# Basic Algorithm Scripting - Mutations

Tell us what’s happening:
Hey everyone!
So, as I was working through this problem and trying to find alternate solutions, I came across something interesting which I don’t understand.

Please review the code below and help me understand why this does not work. From my thinking the logic should work, but the {mutation([“hello”, “hey”])} test keeps returning true!?!

I’m lost…

Your code so far
function mutation(arr) {

//creates a var for index 0 and 1 which sets them to lowercase and converts to array
let x = arr[0]
.toLowerCase()
.split(“”);
let y = arr[1]
.toLowerCase()
.split(“”);

``````  //should be able to test x for all of var y
``````

return x.includes(…y);
}

mutation([“hello”, “hey”]);

console.log(mutation([“hello”, “hey”]))
//should return false, but returns true
//this code passes all other tests in this section except [“hello”, “hey”]

``````function mutation(arr) {

//creates a var for index 0 and 1 which sets them to lowercase and converts to array
let x = arr[0]
.toLowerCase()
.split("");
let y = arr[1]
.toLowerCase()
.split("");

//should be able to test x for all of var y
return x.includes(...y);
}

mutation(["hello", "hey"]);

console.log(mutation(["hello", "hey"]))
//should return false, but returns true
//this code passes all other tests in this section except ["hello", "hey"]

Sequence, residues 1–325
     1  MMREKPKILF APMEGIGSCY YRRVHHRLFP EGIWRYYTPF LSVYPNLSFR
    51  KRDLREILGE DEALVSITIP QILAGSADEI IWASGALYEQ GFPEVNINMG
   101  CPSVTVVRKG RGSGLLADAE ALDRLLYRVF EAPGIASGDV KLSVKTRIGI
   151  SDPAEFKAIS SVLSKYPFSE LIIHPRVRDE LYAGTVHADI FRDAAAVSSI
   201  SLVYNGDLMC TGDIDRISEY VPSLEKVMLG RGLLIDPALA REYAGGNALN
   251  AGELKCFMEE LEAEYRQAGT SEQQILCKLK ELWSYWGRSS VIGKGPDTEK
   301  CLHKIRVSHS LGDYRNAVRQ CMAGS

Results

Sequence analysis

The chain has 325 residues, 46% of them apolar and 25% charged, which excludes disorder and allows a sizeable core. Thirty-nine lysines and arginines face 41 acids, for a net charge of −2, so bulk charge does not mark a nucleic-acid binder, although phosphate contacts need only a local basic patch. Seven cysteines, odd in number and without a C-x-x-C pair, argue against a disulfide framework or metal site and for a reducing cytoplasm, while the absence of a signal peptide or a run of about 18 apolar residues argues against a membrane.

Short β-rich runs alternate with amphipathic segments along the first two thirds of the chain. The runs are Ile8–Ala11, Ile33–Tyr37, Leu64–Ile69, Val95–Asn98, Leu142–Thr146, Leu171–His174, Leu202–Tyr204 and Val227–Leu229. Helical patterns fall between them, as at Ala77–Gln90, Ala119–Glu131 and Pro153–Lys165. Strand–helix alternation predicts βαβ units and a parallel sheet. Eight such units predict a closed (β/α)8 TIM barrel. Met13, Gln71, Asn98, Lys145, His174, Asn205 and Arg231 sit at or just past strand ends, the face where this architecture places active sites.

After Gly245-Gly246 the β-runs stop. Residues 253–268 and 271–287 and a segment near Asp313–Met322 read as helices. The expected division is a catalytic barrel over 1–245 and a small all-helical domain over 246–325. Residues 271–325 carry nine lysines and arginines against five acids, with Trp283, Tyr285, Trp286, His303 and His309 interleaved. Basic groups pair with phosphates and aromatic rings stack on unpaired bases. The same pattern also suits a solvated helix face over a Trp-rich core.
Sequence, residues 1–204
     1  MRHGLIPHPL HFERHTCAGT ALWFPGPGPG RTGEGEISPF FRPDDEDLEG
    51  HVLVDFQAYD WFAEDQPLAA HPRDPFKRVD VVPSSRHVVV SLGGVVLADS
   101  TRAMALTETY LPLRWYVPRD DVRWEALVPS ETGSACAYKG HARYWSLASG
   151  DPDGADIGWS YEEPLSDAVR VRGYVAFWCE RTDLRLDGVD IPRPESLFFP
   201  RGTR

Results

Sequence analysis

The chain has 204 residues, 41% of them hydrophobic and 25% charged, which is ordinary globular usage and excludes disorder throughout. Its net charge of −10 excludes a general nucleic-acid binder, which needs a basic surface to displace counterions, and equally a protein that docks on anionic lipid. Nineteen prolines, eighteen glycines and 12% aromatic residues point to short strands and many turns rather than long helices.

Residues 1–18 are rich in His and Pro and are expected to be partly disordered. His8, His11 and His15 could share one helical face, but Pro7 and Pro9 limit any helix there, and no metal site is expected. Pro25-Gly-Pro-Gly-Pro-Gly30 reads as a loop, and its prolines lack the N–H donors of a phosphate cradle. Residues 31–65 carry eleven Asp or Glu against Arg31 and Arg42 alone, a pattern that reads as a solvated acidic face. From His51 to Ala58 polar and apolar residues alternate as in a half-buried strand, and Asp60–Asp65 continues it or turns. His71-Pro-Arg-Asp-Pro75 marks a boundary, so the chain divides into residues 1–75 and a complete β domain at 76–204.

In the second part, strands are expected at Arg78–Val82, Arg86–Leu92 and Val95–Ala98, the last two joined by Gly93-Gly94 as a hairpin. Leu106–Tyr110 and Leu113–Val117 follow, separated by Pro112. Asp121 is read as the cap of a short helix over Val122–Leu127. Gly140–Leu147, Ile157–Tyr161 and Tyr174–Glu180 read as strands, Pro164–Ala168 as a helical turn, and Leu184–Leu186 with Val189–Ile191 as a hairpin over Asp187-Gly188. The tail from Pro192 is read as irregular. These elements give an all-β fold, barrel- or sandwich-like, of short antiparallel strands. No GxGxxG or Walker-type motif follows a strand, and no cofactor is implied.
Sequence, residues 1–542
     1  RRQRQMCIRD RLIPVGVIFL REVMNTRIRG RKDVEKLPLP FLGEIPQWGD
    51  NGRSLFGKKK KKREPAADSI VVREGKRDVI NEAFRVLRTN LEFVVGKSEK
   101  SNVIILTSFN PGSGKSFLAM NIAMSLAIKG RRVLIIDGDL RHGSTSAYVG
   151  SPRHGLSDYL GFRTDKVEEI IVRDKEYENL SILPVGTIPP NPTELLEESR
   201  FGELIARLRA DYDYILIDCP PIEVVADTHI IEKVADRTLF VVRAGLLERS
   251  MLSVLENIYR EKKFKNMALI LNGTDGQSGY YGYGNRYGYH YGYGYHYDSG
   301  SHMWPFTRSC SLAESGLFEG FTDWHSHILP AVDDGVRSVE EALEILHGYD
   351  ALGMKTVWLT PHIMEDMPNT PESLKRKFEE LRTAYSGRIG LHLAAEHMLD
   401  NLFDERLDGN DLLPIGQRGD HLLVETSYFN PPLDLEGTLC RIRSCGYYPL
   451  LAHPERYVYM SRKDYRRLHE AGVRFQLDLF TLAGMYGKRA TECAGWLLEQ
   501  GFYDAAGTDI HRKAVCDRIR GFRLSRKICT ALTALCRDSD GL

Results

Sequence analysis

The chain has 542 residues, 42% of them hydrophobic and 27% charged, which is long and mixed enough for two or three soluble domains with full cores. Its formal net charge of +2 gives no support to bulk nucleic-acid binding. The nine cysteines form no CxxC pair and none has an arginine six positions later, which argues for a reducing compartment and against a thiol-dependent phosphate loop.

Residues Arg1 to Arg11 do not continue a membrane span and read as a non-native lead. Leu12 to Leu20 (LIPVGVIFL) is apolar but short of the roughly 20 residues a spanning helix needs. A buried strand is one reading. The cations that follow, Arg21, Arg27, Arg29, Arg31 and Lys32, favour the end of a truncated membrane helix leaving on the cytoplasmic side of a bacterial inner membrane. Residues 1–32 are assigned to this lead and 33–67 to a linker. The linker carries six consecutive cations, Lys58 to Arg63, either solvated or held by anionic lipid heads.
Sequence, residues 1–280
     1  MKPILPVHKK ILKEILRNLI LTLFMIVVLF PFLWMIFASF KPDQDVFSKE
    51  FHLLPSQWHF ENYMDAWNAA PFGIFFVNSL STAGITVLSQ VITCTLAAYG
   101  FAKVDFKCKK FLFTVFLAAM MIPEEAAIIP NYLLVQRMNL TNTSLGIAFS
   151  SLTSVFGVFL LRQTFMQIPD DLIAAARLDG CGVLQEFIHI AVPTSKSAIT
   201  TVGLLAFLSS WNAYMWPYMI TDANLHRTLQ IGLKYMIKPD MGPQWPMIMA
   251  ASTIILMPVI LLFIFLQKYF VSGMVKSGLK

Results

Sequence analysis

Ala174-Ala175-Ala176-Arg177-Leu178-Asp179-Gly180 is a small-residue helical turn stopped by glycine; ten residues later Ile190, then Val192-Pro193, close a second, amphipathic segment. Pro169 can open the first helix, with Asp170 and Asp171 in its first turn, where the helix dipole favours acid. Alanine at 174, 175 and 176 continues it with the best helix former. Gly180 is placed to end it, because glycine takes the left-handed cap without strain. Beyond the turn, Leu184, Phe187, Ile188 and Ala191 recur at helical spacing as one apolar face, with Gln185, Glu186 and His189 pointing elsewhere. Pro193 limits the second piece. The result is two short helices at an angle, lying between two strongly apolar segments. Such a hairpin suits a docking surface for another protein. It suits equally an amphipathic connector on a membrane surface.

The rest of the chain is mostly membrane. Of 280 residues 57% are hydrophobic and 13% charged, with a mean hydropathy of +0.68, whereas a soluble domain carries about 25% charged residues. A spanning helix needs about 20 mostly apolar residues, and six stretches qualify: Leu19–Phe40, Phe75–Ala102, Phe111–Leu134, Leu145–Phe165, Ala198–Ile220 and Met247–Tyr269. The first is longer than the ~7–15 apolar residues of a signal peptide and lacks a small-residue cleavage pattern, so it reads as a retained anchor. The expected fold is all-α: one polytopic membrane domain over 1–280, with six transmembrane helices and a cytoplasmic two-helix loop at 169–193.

``````

Your browser information:

User Agent is: `Mozilla/5.0 (Windows NT 10.0; Win64; x64) AppleWebKit/537.36 (KHTML, like Gecko) Chrome/108.0.0.0 Safari/537.36`

Challenge: Basic Algorithm Scripting - Mutations

Link to the challenge:

``````array.includes(searchElement)
array.includes(searchElement, fromIndex)
``````

Why do you think you can pass the whole array as arguments to the includes method?
And assuming that doesn’t work, what does your function currently test for?

I am trying to test each element for array ‘y’ to see if it is present in array ‘x’. I thought I could use ‘…y’ to iterate through each element of ‘y’ for the test. It seems to work for every case except for the one indicated.

cases tested:
mutation([“hello”, “hey”])
mutation([“hello”, “Hello”])
mutation([“zyxwvutsrqponmlkjihgfedcba”, “qrstu”])
mutation([“Mary”, “Army”])
mutation([“Mary”, “Aarmy”])
mutation([“Alien”, “line”])
mutation([“floor”, “for”])
mutation([“hello”, “neo”])
mutation([“voodoo”, “no”])
mutation([“ate”, “date”])
mutation([“Tiger”, “Zebra”])
mutation([“Noel”, “Ole”])

Most of the function in javascript don’t care how many arguments you pass in.

You assume that the iteration works for every other case, but maybe that’s not the case and there is another reason for this behaviour?

If you can’t find it:
what’s different:

the first test case is the only one where the first letter of the second word is in the first word AND there is later letter that’s missing

conclusion:

the function only tests if the first letter of the second word is in the first word, and returns that → rewrite it so it really tests every letter

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